In this diagram, the observer is shown as the thick blue line with dots marking off one-nanosecond increments of time according to his clock. Since he is at rest in this Inertial Reference Frame (IRF), the horizontal grid lines align with his clock and the vertical grid lines align with his measurement of distance.

The reflector is shown as the thick red line with similar dots. The thin blue line represents the pulse of light that the observer emits and the thin red line represents the reflection. Hopefully, this all makes perfect sense to you.

Now let's transform the coordinates of all the dots in the above diagram to a new IRF moving at 0.6c with respect to the original IRF:

At 0.6c, gamma is 1.25 and you will note that the dots are placed 1.25 nsecs apart as defined by the gird lines. Also, the distance to the reflector is contracted to 4.8 feet (6/1.25) as defined by the grid lines. You will also note that the light pulse and its reflection continue to travel at 1 foot per nanosecond but it takes less time in this IRF (3 nsecs) for the light to reach the reflector and more time (12 nsecs) for the reflection to get back to the observer. The total Coordinate Time is 15 nsecs and the total Coordinate Distance the light traveled is 15 feet so the velocity is maintained at 1 foot per nanosecond.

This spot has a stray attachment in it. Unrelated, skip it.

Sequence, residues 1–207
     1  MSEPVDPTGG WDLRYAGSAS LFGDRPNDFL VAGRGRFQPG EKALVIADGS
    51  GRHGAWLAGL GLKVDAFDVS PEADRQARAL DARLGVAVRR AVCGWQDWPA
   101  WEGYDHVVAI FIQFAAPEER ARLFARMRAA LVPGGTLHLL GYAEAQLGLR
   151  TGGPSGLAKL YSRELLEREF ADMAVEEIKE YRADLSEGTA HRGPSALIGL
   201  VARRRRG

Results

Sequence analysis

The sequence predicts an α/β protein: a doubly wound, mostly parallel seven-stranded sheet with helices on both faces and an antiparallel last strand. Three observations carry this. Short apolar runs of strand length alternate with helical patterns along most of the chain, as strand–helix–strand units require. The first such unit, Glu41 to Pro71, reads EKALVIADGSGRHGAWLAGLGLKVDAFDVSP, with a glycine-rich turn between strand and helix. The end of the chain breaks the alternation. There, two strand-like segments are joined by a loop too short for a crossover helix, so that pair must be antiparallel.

Just for the fun of it, let's see what would happen if we applied the method of your question to establish the speed of the light. Here is a diagram that depicts the parameters that would apply if we just took the Length Contraction and Time Dilation factors into account:

Note that we would be using the length at the start of the scenario and the time as defined by the observer as when the reflection occurred to establish where the light reached at the time of the reflection which is way off base and would result in a contracted velocity as shown by the extra thin blue line. Instead, we need to use the Coordinate Distance of where the reflector has moved to when the light pulse reaches it and the Coordinate Time at which this occurred, not the time that the observer defines the reflection to occur according to his clock.

Does this all make perfect sense to you? Any questions?

18. Jun 17, 2015

### Stephanus

Good! Very clear!
You should use "Courier New"

19. Jun 17, 2015

### Stephanus

First,...$\gamma = \frac{1}{\sqrt{1-0.36}} = 1.25$